But you can be born into this world and still feel trapped and displaced, and that’s the film’s primal insight. The fact that Ania is a young woman invokes the specific baggage of sexism and its constraints, as in the scene where Ania removes the bra from a co-worker. This sexual division also manifests when her gruff boss Boris insists she fetch the coffee and signals his interest in her, which she successfully ignores. He’s played by Georg Friedrich, vaguely resembling a young, shambling, broken-nosed Gerard Depardieu.
However, Krebitz recognizes that Boris is also trapped and frustrated, if at a higher level, and that’s why he escapes into alcohol and womanizing. Consider an odd “breakthrough” scene where Ania, impulsively hiding in a dark recess and pretending to be a prostitute, grabs the drunken Boris’ wallet and runs away. They each react with laughter, as though this lark is the night’s high point. Later, when Ania and Boris are speaking plainly, she says she knows he feels the same thing she’s talking about, and which is best called existential angst. He too hates his life.
In that confrontation, he’s still in a place where he rejects her insight, though she’ll later perform an action that breaks through to him where another boss would simply press charges. They’ve been drawn to each other by a certain affinity, and that’s probably why he’s had her bring his coffee–not for coffee but an excuse for her presence.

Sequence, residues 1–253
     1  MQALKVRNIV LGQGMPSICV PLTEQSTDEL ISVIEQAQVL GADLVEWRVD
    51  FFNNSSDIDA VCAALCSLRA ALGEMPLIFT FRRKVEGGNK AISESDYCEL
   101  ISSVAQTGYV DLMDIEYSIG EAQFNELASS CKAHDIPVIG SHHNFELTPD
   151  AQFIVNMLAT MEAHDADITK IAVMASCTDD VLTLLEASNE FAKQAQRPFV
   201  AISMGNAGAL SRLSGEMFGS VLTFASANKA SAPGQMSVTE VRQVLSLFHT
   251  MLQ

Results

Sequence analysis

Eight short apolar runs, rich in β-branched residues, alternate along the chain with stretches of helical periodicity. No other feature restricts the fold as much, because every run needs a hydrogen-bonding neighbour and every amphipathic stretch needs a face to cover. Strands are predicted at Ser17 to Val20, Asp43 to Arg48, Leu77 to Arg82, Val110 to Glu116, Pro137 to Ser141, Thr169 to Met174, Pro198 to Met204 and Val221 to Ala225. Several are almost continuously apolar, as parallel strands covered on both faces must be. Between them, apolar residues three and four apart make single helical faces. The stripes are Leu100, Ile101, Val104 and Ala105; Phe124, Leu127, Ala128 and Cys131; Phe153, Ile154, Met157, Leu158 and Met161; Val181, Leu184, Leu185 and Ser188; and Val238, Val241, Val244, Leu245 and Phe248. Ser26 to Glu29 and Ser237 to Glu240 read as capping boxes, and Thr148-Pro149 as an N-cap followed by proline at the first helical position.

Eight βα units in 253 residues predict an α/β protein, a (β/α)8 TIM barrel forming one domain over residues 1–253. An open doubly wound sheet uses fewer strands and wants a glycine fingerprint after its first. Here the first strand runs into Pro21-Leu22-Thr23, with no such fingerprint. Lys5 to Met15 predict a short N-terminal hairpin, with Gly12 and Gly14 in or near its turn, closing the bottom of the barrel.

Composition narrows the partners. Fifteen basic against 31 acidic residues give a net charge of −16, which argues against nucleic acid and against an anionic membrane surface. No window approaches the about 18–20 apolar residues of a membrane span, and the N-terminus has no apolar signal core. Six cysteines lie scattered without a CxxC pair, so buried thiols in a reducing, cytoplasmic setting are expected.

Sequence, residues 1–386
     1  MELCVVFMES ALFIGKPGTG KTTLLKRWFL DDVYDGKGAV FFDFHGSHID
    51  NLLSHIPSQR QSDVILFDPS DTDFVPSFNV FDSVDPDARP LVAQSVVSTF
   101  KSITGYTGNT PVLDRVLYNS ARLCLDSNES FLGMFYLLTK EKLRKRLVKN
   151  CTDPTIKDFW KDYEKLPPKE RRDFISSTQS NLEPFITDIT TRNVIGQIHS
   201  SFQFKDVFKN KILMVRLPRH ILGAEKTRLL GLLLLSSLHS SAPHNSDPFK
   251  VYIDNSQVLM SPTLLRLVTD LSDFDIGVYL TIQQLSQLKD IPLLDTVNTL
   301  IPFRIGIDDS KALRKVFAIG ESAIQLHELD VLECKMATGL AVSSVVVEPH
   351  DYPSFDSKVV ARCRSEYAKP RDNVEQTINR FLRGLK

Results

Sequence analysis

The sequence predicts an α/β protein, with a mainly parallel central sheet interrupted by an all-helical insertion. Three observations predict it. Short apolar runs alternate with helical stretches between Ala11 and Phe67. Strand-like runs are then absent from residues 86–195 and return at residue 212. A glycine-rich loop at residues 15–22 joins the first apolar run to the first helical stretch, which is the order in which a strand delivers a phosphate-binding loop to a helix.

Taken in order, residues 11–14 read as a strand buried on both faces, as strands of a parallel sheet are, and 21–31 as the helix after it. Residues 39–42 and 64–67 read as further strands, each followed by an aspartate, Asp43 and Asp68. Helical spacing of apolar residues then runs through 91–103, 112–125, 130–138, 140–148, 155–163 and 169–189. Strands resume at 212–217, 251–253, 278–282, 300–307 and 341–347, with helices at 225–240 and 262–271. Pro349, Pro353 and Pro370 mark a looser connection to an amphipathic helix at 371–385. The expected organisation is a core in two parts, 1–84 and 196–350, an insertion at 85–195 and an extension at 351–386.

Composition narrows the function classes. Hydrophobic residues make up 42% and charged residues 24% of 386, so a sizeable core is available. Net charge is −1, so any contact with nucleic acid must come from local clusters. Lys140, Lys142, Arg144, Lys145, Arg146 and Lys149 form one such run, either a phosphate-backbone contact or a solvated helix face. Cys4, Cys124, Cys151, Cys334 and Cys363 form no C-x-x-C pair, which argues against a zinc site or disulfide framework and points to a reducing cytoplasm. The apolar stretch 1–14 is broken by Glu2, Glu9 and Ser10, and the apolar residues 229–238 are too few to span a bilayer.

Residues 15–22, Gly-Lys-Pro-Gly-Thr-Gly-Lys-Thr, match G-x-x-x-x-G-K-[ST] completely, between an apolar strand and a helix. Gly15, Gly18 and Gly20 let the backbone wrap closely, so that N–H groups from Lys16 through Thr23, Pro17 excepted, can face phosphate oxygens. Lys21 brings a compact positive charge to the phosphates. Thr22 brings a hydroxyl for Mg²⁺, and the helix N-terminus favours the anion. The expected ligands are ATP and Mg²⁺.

Perhaps another film would have him rescue her, but since he’s basically in a more privileged version of the same urban strait, Krebitz backs away from that solution. Still, she goes a fair way to redeeming Boris. That’s a Russian name, by the way, as is Ania, and Ania finds a Russian book about wolves. Wolves are a Russian thing besides being a basic part of European and American mythology, from Romulus and Remus to werewolves to Red Riding Hood to Native American folklore.
Speaking of dances with wolves, I’m dancing around the fact that when Ania at the halfway point drags the wolf indoors to live in her apartment, where she knows very well he doesn’t want to be (but will get used to it, as we all do), they begin a relationship that for her is partly sexual, although the wolf’s ministrations are strictly oral and, from his POV, non-sexual.
The film doesn’t dwell explicitly on this, only giving us a couple of brief licking scenes, but Stangenberg’s embodiment of Ania’s reactions validates the ever-popular impulse to explain isolationist behavior with the “needs to get laid” theory. (Well, who doesn’t?) Then there’s the ecstatic “sliding down the banister” sequence, complete with more rectangular frames upon frames. These are the moments that surely make the film a sensation in a crowded theatre and certainly keep it memorable.